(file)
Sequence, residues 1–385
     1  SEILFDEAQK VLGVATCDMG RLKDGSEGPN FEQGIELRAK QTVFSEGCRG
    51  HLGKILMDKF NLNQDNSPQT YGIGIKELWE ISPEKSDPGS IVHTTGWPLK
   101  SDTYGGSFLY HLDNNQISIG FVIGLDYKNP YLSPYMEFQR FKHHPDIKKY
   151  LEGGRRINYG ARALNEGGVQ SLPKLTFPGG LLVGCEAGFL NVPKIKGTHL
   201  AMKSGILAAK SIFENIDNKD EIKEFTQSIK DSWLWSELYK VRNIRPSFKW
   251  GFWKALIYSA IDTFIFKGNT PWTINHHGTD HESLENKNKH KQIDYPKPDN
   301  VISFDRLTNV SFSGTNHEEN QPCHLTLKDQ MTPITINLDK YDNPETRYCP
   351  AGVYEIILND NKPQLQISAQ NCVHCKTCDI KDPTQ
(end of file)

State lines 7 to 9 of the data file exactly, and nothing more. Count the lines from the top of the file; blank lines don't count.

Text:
   251  GFWKALIYSA IDTFIFKGNT PWTINHHGTD HESLENKNKH KQIDYPKPDN
   301  VISFDRLTNV SFSGTNHEEN QPCHLTLKDQ MTPITINLDK YDNPETRYCP
   351  AGVYEIILND NKPQLQISAQ NCVHCKTCDI KDPTQ